The first test collection, made locally, consisted of two shirts, one jacket, and one sweatshirt, crafted from imported Japanese fabrics and produced in a factory in Chabanel, Montreal’s garment district. It would land them stockists across the world, in New York, Paris, and Montreal. In late 2015, Garand and Lessard returned to Europe with their first capsule collection to present at London fashion week showrooms and a capsule trade show in Paris.
For the founders of École de Pensée, the most important lesson they learned in the skatepark applies in the design studio: you don’t need formal training—just a clear vision and a DIY attitude.
Garand had met Julien Gauthier, who had a brand of his own in development, while working in retail and later added him to the École de Pensée team to lead design and creative direction. “Seeing that we had a very similar vision and philosophy, we decided to join forces rather than working on separate paths, and reregistered the business under our three names,” Gauthier says. The three men have since become experts in fabrics and manufacturing. And that dedication to the highest standards of artisanal craftsmanship—not to mention the close relationships with their factories—shows up in their meticulously tailored trousers made in Italy and knitwear made in Scotland. Cutting-edge retailers in Japan and south of the border have since picked up the brand, along with Simons, the innovative Canadian department store, where it hangs alongside brands including Yohji Yamamoto, Acne Studios, and Lemaire.
After nearly a decade in business, École de Pensée is still entirely self-funded and therefore a deeply personal project. Lessard notes that the freedom self-funding has given them is what keeps them motivated. “Since we chose the independent path and decided early that we weren’t chasing investors and not being part of big fashion houses, it allowed us to manage our business in a way that we guide our decisions based on passion and our love for nice cuts and quality fabrics instead of cutting down on quality and having to accept money-driven decisions like most of the designers that are now working for big houses,” he says.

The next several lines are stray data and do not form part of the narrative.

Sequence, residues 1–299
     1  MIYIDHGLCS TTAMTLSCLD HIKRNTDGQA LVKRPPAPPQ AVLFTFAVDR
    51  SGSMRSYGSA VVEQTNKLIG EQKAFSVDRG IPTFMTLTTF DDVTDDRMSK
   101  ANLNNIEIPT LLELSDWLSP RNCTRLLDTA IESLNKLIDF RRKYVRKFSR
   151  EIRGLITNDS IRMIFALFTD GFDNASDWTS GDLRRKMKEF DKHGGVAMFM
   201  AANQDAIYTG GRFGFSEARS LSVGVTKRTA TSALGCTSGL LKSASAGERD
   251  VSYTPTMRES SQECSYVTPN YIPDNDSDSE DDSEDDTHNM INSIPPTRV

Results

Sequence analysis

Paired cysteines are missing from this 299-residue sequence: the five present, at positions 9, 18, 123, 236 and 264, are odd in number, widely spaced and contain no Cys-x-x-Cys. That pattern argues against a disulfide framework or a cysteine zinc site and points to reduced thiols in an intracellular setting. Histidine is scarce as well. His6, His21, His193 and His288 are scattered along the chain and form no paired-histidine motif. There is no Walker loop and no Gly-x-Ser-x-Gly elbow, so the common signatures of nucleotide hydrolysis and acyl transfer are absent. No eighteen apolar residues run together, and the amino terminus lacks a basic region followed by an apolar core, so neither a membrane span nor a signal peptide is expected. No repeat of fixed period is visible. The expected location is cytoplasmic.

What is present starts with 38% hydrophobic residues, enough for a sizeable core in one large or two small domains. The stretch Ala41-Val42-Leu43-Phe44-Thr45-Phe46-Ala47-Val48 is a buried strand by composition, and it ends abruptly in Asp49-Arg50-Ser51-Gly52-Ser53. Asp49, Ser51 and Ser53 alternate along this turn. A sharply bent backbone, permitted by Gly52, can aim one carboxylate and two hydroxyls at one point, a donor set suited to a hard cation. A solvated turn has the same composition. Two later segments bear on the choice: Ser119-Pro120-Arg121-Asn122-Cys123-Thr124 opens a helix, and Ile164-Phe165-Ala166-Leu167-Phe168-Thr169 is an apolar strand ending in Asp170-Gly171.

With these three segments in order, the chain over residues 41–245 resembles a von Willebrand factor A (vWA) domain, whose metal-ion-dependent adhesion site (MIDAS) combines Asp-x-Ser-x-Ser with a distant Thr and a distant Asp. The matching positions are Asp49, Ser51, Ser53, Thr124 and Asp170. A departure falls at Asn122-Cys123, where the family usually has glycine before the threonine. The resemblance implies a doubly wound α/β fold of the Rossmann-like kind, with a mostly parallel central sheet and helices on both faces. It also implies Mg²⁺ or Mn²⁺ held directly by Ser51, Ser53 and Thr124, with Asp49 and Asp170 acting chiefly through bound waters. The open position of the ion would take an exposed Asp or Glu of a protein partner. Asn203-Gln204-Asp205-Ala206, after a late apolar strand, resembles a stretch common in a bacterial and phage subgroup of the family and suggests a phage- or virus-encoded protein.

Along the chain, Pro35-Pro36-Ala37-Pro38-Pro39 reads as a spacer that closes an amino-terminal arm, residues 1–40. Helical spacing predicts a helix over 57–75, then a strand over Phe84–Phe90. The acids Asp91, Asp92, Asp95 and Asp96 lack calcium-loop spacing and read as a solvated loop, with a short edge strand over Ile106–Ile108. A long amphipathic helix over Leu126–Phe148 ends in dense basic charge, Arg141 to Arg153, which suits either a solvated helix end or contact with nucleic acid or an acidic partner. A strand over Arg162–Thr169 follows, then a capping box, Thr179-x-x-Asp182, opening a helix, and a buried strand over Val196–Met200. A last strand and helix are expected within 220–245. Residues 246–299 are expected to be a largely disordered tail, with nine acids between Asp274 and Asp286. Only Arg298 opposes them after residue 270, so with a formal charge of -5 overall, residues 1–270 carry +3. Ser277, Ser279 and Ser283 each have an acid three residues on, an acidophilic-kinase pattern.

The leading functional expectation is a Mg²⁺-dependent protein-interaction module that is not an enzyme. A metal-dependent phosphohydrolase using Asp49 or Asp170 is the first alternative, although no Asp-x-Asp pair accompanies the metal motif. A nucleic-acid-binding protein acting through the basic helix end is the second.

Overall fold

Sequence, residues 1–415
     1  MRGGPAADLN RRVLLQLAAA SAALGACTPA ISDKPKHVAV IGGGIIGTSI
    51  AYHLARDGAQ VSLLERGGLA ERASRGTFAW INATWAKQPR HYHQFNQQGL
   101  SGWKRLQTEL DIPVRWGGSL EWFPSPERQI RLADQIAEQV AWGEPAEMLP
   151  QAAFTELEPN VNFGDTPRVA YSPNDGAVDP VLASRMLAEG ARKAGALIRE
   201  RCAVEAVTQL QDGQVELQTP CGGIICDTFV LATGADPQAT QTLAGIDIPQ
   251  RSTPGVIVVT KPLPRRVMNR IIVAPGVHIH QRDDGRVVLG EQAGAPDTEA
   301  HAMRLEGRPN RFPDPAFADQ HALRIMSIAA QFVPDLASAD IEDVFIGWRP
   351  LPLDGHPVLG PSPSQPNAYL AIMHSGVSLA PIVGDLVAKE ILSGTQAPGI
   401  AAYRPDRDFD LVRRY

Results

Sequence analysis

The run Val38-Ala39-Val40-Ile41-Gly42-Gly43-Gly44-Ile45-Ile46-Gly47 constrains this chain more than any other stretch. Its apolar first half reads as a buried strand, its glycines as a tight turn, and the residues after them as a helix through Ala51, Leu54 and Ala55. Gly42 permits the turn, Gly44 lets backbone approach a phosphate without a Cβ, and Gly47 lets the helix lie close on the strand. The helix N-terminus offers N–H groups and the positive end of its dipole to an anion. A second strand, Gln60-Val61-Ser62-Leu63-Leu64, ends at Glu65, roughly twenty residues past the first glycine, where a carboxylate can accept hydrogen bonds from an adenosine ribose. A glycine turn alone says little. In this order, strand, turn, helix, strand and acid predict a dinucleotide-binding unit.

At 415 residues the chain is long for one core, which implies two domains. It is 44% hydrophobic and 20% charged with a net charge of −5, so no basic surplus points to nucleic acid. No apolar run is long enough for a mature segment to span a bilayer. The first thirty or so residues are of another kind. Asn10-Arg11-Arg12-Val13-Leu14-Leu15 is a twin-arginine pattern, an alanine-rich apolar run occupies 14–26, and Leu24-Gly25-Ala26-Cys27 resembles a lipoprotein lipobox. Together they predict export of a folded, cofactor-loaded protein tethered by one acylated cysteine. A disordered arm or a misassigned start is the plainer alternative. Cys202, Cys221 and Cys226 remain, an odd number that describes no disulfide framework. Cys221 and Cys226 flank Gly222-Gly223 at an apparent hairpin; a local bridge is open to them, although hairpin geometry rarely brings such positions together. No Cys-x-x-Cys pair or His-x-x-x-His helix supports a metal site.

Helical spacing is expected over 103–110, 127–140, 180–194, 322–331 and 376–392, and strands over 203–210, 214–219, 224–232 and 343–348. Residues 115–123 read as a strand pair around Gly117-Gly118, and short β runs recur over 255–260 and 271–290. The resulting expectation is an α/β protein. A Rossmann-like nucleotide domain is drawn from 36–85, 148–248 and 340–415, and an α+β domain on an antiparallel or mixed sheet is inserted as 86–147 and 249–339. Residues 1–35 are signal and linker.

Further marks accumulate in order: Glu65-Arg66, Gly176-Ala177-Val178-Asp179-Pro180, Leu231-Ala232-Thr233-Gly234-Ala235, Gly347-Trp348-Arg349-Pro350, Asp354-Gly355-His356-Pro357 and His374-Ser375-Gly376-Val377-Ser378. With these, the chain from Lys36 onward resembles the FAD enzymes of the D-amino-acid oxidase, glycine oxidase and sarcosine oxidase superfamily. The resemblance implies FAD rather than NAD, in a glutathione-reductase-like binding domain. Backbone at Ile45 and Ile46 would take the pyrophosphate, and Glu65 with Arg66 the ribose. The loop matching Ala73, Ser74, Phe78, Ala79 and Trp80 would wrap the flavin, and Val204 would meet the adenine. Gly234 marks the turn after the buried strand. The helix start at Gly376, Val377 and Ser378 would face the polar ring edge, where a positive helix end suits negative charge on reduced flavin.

The trio embraces collaboration to execute their collective, precise vision—and nowhere is that clearer than at the brand’s flagship store in Montreal’s Mile End neighbourhood. “Since we launched the brand in our apartment, we wanted to reproduce that feeling, of being at home where we work,” Garand says of the space, which they designed themselves, including the concrete counter and displays. “So we were like, okay, let’s do a living room, let’s do a dining table, let’s have shelving.” Their exacting eye for good design makes the store feel like the most tasteful apartment you’ve ever seen, not an overly curated collection of things designed to be looked at but not lived with. The Poul Cadovius shelving is stocked with art books and FRAMA products. Japanese tea is served on the vintage Finn Juhl couch.
This warmth and attention to detail illustrate what draws people to the brand’s ethos. “It is just about making nice clothes with nice people,” Garand says. “And also, we really stand behind making ethical stuff. So just to be part of that culture, in Montreal, but even internationally. The clothes speak for themselves. We want to embrace craftsmanship and good design. We’re not the kind of brand that focuses on ego. We want to be inclusive.”
At École de Pensée, there’s a dialogue, with each other, customers, and even with the clothes and objects in the store. “We’ve always only relied on our instinct during this whole journey and enjoyed every moment of the process of building this brand without any specific tangible end goal or finality,” Lessard says. That guiding ethos is right there in the name: School of Thought. “It’s a group of people that have the same vision,” Garand says. “It’s the way we see things in life: how to consume, how to design, how to be with people. So it’s a nice name, but it’s basically a philosophy.”